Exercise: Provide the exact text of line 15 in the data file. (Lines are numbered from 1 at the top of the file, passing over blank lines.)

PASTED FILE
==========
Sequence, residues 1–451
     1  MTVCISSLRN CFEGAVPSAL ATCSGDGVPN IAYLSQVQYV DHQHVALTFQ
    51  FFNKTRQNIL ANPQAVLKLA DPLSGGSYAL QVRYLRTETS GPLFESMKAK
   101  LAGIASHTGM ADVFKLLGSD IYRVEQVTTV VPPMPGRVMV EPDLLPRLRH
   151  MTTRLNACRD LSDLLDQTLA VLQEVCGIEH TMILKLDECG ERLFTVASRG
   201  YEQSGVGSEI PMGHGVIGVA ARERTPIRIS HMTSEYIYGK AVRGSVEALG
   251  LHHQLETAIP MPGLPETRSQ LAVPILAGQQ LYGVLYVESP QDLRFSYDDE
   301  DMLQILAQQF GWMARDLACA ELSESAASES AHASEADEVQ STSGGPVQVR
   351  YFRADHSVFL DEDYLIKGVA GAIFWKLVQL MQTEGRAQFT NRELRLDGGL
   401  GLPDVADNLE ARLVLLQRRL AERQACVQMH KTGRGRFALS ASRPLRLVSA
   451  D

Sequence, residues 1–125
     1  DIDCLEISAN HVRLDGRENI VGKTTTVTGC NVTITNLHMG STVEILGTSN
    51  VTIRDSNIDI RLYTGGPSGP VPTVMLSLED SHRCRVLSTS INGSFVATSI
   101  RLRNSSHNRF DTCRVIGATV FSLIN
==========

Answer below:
   101  RLRNSSHNRF DTCRVIGATV FSLIN